CLIENT MISCONDUCT/ATTORNEY RESPONSIBILITY- An attorney is under an obligation to report the criminal misconduct of a nonclient which prejudices the administration of justice; the client's attorney is under an obligation to remonstrate with the client, and if unsuccessful, disclose the conduct to the tribunal.
The Ethics Committee of The Mississippi Bar has been requested to render an opinion on the following facts:
In the course of a deposition, the deponent/plaintiff admits to having committed perjury in a bankruptcy proceeding in another state. The deponent's attorney then proposes to counsel opposite to dismiss the lawsuit if opposing counsel and his client agree not to report the admissions of perjury to prosecutorial authorities.
The Ethics Committee has been requested to opine as to (1) whether the deponent's attorney has any obligation to report the perjury, and if so, to whom; and (2) whether opposing counsel has any obligation to report the deponent's perjury, and if so, to whom.
An attorney's obligation of loyalty and fidelity to a client is of the highest order, but it is not absolute. There are circumstances, while admittedly few, that nonetheless require an attorney to place the sacrosanct attorney-client relationship second to his obligation to the tribunal and the administration of justice.
In this instance, an attorney has become aware that his client has committed perjury in a tribunal. It is of no consequence that the tribunal in which the perjury was committed is out-of-state, or that the attorney may not be admitted to practice before that tribunal or that he may not represent the client in that tribunal. M.R.P.C. 3.3(a)(2) states that:
A lawyer shall not knowingly: (2) fail to disclose a material fact to a tribunal when disclosure is necessary to avoid assisting a criminal or fraudulent act by the client. . . .
The Comment is specific in its admonition of the attorney's responsibility when he learns of his client's perjury.
If perjured testimony or false evidence has been offered, the advocate's proper course ordinarily is to remonstrate with the client confidentially. If that fails, the advocate should seek to withdraw if that will remedy the situation. If withdrawal will not remedy the situation or is impossible, the advocate should make disclosure to the court. It is for the court then to determine what should be done. . . .
Furthermore, the failure of the attorney to address his client's perjury by convincing his client to take remedial steps, or by disclosing the perjury to the tribunal, in fact assists the client in both committing perjury and perpetrating a fraud on the tribunal and is in violation of the Mississippi Rules of Professional Conduct. M.R.P.C. 1.2(d); M.R.P.C. 1.6(b)(1); M.R.P.C. 1.16(b); M.R.P.C. 4.1(b); and M.R.P.C. 8.4(b), (c) and (d).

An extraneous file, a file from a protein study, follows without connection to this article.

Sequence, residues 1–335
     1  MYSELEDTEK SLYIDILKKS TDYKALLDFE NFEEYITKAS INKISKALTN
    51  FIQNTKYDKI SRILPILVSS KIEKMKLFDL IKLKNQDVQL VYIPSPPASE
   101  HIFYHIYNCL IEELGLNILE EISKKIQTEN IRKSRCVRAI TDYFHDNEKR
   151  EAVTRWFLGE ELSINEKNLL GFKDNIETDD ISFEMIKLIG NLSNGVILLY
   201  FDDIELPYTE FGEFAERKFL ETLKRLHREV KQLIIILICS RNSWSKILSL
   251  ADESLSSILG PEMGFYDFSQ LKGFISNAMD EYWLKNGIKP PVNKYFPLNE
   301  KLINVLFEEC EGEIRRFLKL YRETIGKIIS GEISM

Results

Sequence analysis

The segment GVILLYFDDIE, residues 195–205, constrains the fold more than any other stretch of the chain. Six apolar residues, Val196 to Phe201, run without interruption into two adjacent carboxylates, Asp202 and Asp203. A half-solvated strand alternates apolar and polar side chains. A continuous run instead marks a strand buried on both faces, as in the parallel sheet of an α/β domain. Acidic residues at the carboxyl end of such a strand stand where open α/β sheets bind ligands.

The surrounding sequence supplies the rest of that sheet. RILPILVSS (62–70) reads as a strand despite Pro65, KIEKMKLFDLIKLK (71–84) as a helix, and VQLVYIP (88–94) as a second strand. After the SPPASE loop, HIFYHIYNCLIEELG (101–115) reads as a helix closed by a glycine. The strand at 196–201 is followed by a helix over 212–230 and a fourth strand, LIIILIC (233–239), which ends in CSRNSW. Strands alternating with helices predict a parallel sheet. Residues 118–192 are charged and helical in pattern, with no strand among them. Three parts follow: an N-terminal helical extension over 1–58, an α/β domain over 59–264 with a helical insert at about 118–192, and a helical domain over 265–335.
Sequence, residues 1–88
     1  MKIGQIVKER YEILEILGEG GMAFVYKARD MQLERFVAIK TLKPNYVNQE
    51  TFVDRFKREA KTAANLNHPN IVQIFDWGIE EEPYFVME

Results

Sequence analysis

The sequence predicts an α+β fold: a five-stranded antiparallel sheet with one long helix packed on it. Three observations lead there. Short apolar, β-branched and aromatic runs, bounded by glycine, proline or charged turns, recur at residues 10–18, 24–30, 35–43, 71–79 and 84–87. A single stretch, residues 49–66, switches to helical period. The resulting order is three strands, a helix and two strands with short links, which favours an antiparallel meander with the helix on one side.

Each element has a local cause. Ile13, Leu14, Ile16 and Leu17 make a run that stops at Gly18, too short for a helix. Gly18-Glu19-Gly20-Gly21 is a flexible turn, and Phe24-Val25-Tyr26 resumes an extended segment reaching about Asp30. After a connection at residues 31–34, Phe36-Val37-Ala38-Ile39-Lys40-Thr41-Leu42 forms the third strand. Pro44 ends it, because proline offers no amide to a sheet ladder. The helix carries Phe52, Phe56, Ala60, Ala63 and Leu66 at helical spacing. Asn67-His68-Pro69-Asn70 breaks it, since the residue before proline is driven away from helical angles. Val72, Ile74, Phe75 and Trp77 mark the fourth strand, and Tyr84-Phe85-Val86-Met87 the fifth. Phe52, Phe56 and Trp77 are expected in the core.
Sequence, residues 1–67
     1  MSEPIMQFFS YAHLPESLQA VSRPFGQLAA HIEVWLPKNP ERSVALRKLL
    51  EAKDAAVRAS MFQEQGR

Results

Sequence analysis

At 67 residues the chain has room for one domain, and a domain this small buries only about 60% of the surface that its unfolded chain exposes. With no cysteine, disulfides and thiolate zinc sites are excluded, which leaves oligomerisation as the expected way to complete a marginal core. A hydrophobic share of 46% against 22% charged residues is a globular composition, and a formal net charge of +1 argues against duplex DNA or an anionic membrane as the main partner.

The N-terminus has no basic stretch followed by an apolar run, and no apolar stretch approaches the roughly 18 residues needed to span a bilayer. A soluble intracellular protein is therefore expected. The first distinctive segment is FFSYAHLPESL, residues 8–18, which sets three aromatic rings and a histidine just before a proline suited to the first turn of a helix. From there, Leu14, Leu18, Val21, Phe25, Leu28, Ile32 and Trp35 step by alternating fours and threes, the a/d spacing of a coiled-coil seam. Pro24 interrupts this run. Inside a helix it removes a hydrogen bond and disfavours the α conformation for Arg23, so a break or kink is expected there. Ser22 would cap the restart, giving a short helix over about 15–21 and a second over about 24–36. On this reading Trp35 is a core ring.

Therefore, it is the opinion of the Ethics Committee that the deponent's attorney is under an obligation first to counsel the deponent to disclose to the tribunal the perjury committed, and if the deponent refuses, it is then the obligation of the attorney to withdraw from representation and to report the perjury to the tribunal.
The obligation of opposing counsel to report the perjury of the deponent is also affected by consideration of his attorney-client relationship. Typically, the disclosure by the attorney of information relating to the representation requires informed consent of the client. M.R.P.C. 1.6(a). However, in the facts before the Committee, the disclosure being considered is that of informing a tribunal that it has entertained perjury. Again, the failure of opposing counsel to disclose to the tribunal the existence of perjury would place the attorney in the position of assisting in the commission of a crime in violation of M.R.P.C. 8.4(b) and (c). It is also the opinion of the Ethics Committee that the failure of opposing counsel to report perjury to the tribunal is a violation of M.R.P.C. 8.4(d), which states that It is professional misconduct for a lawyer to engage in conduct that is prejudicial to the administration of justice...
The Committee recognizes that the client of opposing counsel may not think it to be in his best interest to refuse to enter into an agreement which would result in the dismissal of the lawsuit pending against him. However, the clear dictates of the Mississippi Rules of Professional Conduct and the necessity to protect the integrity of the administration of justice outweigh the personal considerations of the client, and in fact inure to the client's benefit by ensuring the client of the same nonprejudicial administration of justice in the various tribunals in which the client may appear.
Therefore, it is the opinion of the Ethics Committee that opposing counsel must disclose the deponent's perjury to the tribunal in which it was committed, and therefore cannot enter into an agreement in which the attorney agrees not to disclose perjury.
The Committee recognizes and points out that there are legal obligations which may be imposed on both counsel concerning which this Committee cannot opine.